Elton John agrees to deal with Caesars
Elton John agrees to deal with Caesars
Singer to perform at least 75 shows over three years
By MIKE WEATHERFORD
Pop art, multiple costume changes and a red piano are in Elton John's future at Caesars Palace. But forget the ostrich feathers and other excesses of his self-described "wild and wacky days."
The British pop legend confirmed on Tuesday that he will perform at least 75 shows in the casino's 4,000-seat Colosseum during the next three years in an exclusive production known as "The Red Piano" for the red-lacquer grand he will play.
He will be backed by his usual band in a production overseen by director-photographer David LaChapelle.
While the top ticket of $250 tops that of resident diva Celine Dion's $225, the show won't have dancers or acrobats like she does.
"It is going to be, obviously, totally a different show (from) Celine's. It's going to be an Elton show," the 56-year-old singer told reporters from the Colosseum stage during a Tuesday news conference. "It will be totally different from anything Vegas has seen."
"There are a few sequins," he volunteered. "If you're going to have one last stab at it you might as well have a stab at it in Las Vegas."
Tickets go on sale today for the first engagement Feb. 13-22; other tickets are $100 and $175. He is expected to perform about five weeks each year, five shows per stint.
John's concerts are in addition to Dion's 200 shows per year and won't affect her schedule.
John said he wants to offer "a Vegas experience" that would draw fans from around the world the way Dion's "A New Day ..." does.
"I want it to be special. I want people to go, `Elton has made an effort here.' Not just take the money and run," he said.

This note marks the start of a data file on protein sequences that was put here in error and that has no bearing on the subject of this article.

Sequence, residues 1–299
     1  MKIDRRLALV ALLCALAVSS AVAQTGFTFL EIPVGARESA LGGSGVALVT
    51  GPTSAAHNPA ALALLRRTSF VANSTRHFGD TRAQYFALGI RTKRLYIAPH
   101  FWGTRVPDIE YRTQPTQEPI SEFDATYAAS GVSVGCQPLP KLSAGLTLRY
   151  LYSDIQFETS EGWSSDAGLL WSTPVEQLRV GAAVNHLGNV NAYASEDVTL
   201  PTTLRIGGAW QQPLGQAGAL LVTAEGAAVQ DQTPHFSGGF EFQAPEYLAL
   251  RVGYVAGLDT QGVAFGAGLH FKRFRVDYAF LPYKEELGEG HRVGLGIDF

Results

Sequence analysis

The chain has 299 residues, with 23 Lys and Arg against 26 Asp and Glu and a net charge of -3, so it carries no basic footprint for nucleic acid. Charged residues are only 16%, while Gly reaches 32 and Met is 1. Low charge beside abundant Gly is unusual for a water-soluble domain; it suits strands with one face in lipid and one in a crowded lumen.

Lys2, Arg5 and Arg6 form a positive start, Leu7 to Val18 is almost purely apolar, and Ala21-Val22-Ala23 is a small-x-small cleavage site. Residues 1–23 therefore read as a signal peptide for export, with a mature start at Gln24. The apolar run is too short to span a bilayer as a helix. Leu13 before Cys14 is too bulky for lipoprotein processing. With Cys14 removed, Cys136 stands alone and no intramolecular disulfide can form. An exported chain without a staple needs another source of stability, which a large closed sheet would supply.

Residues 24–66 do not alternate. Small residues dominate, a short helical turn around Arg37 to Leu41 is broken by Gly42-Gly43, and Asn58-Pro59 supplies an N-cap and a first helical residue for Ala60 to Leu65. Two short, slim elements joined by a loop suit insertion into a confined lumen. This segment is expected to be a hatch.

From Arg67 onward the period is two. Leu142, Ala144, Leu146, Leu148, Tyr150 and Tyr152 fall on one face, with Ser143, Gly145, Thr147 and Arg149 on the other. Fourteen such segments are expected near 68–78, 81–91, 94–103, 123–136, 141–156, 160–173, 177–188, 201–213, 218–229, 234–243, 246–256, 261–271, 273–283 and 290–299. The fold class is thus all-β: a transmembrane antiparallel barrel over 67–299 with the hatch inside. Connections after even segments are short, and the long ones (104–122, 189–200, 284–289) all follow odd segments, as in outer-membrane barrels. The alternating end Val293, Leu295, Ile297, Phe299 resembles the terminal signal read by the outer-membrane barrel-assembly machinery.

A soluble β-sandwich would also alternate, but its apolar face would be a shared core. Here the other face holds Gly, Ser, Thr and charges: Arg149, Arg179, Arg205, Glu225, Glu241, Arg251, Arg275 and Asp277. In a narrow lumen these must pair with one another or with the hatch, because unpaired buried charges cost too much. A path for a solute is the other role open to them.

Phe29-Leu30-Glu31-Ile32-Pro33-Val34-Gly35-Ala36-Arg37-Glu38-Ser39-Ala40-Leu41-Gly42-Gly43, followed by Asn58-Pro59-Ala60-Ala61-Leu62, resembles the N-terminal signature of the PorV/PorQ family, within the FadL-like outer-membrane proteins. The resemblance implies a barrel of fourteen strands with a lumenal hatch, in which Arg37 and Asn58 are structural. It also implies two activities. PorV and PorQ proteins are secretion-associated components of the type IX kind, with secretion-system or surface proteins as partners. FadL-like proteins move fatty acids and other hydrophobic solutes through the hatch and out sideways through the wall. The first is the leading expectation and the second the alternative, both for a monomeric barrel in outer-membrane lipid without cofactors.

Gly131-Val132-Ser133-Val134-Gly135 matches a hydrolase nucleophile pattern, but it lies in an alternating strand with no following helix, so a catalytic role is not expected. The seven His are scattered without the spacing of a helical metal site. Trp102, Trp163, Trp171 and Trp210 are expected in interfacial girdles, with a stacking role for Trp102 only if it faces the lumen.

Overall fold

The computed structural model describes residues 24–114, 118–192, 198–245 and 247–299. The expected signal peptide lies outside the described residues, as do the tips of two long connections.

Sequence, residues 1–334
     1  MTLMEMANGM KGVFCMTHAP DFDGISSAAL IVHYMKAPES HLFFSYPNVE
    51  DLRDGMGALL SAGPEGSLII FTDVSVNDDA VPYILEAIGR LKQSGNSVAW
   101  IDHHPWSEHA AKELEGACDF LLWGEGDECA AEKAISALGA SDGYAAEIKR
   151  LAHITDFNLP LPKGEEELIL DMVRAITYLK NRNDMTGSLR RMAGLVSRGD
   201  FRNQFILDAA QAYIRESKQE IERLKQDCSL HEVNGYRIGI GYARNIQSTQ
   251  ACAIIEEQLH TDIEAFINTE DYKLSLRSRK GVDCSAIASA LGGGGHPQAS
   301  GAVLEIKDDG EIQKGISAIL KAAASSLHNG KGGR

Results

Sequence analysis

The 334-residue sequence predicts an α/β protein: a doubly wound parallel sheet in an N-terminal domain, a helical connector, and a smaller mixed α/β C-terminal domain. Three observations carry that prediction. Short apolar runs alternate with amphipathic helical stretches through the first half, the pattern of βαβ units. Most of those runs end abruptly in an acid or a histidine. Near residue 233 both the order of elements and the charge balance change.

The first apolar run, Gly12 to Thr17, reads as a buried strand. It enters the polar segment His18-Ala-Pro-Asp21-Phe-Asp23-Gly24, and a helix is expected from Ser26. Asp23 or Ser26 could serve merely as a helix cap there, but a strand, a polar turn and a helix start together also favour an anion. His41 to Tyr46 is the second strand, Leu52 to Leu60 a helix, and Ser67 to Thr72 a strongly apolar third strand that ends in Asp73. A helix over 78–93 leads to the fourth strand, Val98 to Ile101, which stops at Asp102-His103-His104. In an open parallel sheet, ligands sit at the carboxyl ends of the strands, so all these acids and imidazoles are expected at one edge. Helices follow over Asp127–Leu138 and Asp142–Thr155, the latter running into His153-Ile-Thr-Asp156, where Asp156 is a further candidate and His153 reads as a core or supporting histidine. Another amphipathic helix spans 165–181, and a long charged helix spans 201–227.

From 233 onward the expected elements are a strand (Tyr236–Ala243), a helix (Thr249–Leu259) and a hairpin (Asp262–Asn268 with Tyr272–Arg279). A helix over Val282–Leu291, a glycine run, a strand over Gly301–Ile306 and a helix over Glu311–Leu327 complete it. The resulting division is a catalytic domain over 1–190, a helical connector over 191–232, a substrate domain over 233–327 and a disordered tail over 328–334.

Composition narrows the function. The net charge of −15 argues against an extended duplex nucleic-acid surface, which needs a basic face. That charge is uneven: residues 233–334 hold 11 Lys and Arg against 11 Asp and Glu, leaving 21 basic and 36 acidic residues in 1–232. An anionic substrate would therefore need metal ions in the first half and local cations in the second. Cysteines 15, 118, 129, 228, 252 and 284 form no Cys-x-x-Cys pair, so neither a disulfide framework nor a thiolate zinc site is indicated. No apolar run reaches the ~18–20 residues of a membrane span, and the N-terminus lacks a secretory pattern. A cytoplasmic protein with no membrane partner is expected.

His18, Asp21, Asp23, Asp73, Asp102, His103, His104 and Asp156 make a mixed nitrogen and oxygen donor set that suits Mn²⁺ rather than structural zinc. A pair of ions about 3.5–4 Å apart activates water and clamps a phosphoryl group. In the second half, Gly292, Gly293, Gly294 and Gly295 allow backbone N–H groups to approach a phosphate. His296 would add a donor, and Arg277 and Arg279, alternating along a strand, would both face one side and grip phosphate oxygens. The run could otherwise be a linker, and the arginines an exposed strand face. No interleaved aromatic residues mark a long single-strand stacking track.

The money could be substantial. If the 75 concerts sell out, they have a potential gross of $61 million, Caesars President Mark Juliano told reporters.
While Juliano declined further salary figures, sources close to the deal say most of the ticket revenue will go to the performer, and the hotel will benefit mainly from incremental on-site spending that adds up to about $150,000 for each Dion performance.
John's deal prohibits him from performing at any other casino or casino-hosted event in North America, and any other venue in Clark County. His continued participation in Andre Agassi's annual Grand Slam for Children benefit is in question.
LaChapelle is the fashion photographer who directed the biographical video for "This Train Don't Stop Here Anymore," which featured pop star Justin Timberlake playing the young Elton John.
The singer's collection of pop art will provide the visual cue for the look of the new show, but "it's not just going to be over the top and crazy," LaChapelle said.
John added that the show will be fun and "packed with music," but also "full of poignancy, hopefully." He plans to include songs such as the John Lennon tribute "Empty Garden," which he normally doesn't perform because it's "very upsetting."
TOP 10 VEGAS SHOWS OF 2004:
John reinterprets classic songs in artistic show at Caesars Palace
By MIKE WEATHERFORD
Elton John's "The Red Piano" at Caesars Palace succeeds as art in its own right while celebrating a great career. A game of semantics clears the way for Elton John's pop-art spectacle to be the most exciting show of 2004.
Cirque du Soleil's "Ka" has been open to ticket-buyers since Thanksgiving weekend. But it declared itself to be in "previews" until Feb. 3, and thus not officially a finished product until 2005.